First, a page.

Christopher Best’s recent book, My Greek Barber’s Diary, is a biography of George Chronopoulos, told in the barber’s own words. In recent years, Best has been writing about history and people. Not celebrities but regular citizens who have made Canada a thriving multicultural country. His goal as a writer and as a publisher is to preserve precious memories.
Best will talk about My Greek Barber’s Diary at the Isaac Waldman Jewish Public Library on March 2.
The book follows Chronopoulos’ life from his childhood in Greece, through wars, hardships and immigration to Canada, to the modern day. Through the years, he has tried his hands at various business ventures, from restaurants to real estate, but he always comes back to being a barber. His hair salon has always been a hub of friendships and conversations, confidences and laughter.
Chronopoulos’ bright, ebullient personality, his courage and insatiable curiosity to try new things, to learn new skills, attracted the young entrepreneurial crowd of the 1960s, ’70s and ’80s. Many of Vancouver’s industry leaders started out during those years, and many of them became Chronopoulos’ personal friends and golf buddies.
My Greek Barber’s Diary is a series of more or less chronological stories as remembered by Chronopoulos. A large part of the book is dedicated to the barber’s extended family and their adventures. He sponsored many of his relatives into Canada and helped many others with their first jobs or first homes. A man of big heart, he also was one of the founders of the Gold Plate Dinner charity event in Vancouver in 1977, which was later picked up by the Hellenic communities all across Canada. Today, the events are considered the most important fundraiser in the Canadian Greek community.
Chronopoulos talks in the book about the many people he got to know from different cultural and ethnic backgrounds. Among his many Jewish clients and friends are business tycoons and philanthropists Joe Segal, Bob Golden, Syd Belzberg and Max Fugman. Everyone first came to his shop because of Chronopoulos’ well-known talent for styling men’s hair, but they stayed for their barber’s charisma and the joy of his friendship. The book includes tributes to Chronopoulos, friends sharing their memories of good times and bad times together, of triumphs and losses.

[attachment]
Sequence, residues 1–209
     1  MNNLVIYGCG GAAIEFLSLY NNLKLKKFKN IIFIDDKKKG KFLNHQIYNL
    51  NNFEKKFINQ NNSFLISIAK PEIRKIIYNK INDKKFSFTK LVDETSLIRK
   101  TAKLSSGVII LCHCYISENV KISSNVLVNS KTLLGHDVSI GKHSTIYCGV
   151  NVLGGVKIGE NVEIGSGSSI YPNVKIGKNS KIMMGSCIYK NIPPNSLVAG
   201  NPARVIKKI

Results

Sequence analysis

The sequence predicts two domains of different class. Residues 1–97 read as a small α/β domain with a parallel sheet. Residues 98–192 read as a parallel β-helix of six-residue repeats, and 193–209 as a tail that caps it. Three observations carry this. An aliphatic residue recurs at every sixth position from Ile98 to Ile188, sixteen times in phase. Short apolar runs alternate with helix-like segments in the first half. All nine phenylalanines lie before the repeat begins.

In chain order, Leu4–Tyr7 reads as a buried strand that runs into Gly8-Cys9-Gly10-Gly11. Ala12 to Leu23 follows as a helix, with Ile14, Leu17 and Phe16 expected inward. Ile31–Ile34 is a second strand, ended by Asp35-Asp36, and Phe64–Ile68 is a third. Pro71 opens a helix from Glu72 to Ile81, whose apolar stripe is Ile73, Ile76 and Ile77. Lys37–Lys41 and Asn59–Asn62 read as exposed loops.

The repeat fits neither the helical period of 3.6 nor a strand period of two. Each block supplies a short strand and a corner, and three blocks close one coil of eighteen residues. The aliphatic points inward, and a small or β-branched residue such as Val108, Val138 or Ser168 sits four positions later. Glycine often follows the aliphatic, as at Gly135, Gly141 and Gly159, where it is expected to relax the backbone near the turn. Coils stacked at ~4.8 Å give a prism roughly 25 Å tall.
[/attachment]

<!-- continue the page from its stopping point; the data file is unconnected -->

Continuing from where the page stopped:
As did the others, author Best first met his subject at the barbershop. “We started talking,” Best recalled of that haircut a couple of years ago. “George asked me what I do, and I said I’m a writer. He said he always wanted to write a book – his life story. Afterwards, we met many times, and George told me about his life and about the people he knew.”
It took Best a year to record and transcribe Chronopoulos’ memoirs, and about six months to edit the book, which he published in 2015.
My Greek Barber’s Diary is not Best’s first book. The writer owns his own publishing company, Warfleet Press, and, since 2007, has published eight books, all of them on local history, including one about Canadian Airlines.
His first publication was By Jove What a Band, about Arthur Delamont and the Vancouver Boys Band. Before becoming a writer and publisher, Best was a musician and a music teacher and, in the 1960s, he was a member of Vancouver Boys Band. He recorded his memories and those of others about the band and its legendary leader, Delamont, who became a member of the Order of Canada in 1980 and even had a park in Vancouver named in his honor. It took three decades and the founding of Warfleet Press before the memoirs became a published book in 2007. Best writes about By Jove What a Band: “It is a story about the band which never grew old. The band that won over 200 trophies and awards during its unprecedented 50-year history. The band that made 15 European tours and attended five world fairs. The band that dined with royalty but never lost the common touch.”
Best’s talk on My Greek Barber’s Diary at Waldman Library on March 2 starts at 7:30 p.m.
Olga Livshin is a Vancouver freelance writer. She can be reached at [email protected].